As part of Vision 2020: Living Healthier Together, we’re looking for ways we can work smarter. Higher Quality, Lower Cost (HQLC), means enhancing our performance and eliminating waste, which allows us to grow.
You may have heard new phrases being used such as “value stream analysis,” “rapid improvement event” and “Lean Transformation”. If you ever find yourself wondering what these terms mean or how they affect AAMC this is a great opportunity.
What is an RIE?
An RIE (rapid improvement event) is a weeklong event in which a specific process is analyzed with the goals of high quality, lower cost. The RIE team meets each day and is comprised of process owners, individuals within the process, customers of the process, and fresh eyes. It is important to get the right team around the table during an RIE, so during the week other individuals may be called in to ensure nothing is overlooked or to get more information.
The week begins Monday morning with a kick off meeting, in which teams are empowered by management to create change within the organization. Afterwards the teams separate and begin to look at their specific problem, reviewing the reason for action, initial state and target state. Once agreed upon the team moves on to process mapping the current, ideal, and future states. Late Monday afternoon or Tuesday morning the team moves on to the Gap Analysis. The Gap Analysis is used to determine what is keeping the current state from the future state and leads directly in to the solutions approach – it can also be thought of as barriers to accomplishing the goal. Once the team has reached the solutions approach they begin to discuss how to solve each gap. During this discussion different ideas can be generated, so the team must use rapid experiments to determine their best course of action. After specific solutions have been tested the team determines how to implement them with a completion plan. Once the solutions have been implemented a performance Improvement team member will return to the process to determine the confirmed state. The confirmed state is used to ensure the team has met their targets discussed in the beginning of the week. Lastly, the team gives their insights for the week in which the team discusses what went well and what did not, so that the next RIE can be more successful.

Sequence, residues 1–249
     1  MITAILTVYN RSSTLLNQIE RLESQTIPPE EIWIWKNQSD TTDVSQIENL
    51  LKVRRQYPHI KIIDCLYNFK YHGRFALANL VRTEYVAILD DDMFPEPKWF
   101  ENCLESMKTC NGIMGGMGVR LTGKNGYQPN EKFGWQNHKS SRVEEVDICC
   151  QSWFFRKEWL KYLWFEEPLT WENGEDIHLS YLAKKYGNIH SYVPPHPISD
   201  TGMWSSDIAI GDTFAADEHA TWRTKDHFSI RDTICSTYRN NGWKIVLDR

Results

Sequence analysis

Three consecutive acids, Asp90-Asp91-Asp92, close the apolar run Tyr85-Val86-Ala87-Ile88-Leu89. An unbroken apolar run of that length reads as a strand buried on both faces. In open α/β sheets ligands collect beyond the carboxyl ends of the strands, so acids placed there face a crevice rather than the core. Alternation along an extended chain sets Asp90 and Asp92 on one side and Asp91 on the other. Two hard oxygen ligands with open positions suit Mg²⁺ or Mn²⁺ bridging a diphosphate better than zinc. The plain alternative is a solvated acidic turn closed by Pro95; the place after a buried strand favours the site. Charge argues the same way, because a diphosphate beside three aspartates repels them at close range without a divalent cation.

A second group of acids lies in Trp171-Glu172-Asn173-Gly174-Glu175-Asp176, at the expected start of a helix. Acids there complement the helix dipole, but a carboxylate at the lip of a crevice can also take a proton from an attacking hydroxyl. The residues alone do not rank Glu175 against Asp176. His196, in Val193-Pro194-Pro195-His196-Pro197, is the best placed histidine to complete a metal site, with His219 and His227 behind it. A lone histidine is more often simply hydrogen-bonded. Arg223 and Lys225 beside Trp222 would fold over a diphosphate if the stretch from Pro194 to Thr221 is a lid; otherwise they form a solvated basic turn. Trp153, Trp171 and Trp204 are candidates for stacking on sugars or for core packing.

What are the ideals of a Lean Transformation?
By targeting and eliminating waste in (1) transportation, (2) inventory, (3) motion, (4) waiting, (5) over-production, (6) over processing, (7) defects, and (8) un-used human potential the lean team increases productivity while decreasing cost. In addition to eliminating waste, the team implements 6S ideals which are (1) Sort, (2) Straighten, (3) Scrub, (4) Standardize, (5) Sustain, and (6) Safety.
Where we are now and where are we going?
Our Organization is currently involved in four value streams. These value streams include the Pharmacy, Revenue Cycle, Perioperative, and Supply Chain. In addition to these main areas the organization has implemented lean transformations in the lab, care management, and food services. New target areas/processes are being discussed as the lean team grows and will include the ideal patient care unit.
The last round of RIEs has been in the Pharmacy, Supply Chain, and Perioperative VSAs. The Pharmacy RIE focused on the procurement of medications. While looking at this process the RIE team determined to implement a ‘kanban’ system for reordering and look at our current contracts. The Supply Chain RIE was focused on analytics and utilization in order to establish a baseline of where we are now and a process for determining metrics in the future. The Perioperative RIE took a look at the over-processing of instruments. This included reconciling instruments into incomplete trays, and determining what instruments are still in used, or could be recycled/donated.
The upcoming round of RIEs will be focused on inventory management for the Pharmacy VSA, scheduling for the Revenue Cycle VSA, anesthesiology EMR for the Perioperative VSA, and value analysis for the Supply Chain VSA.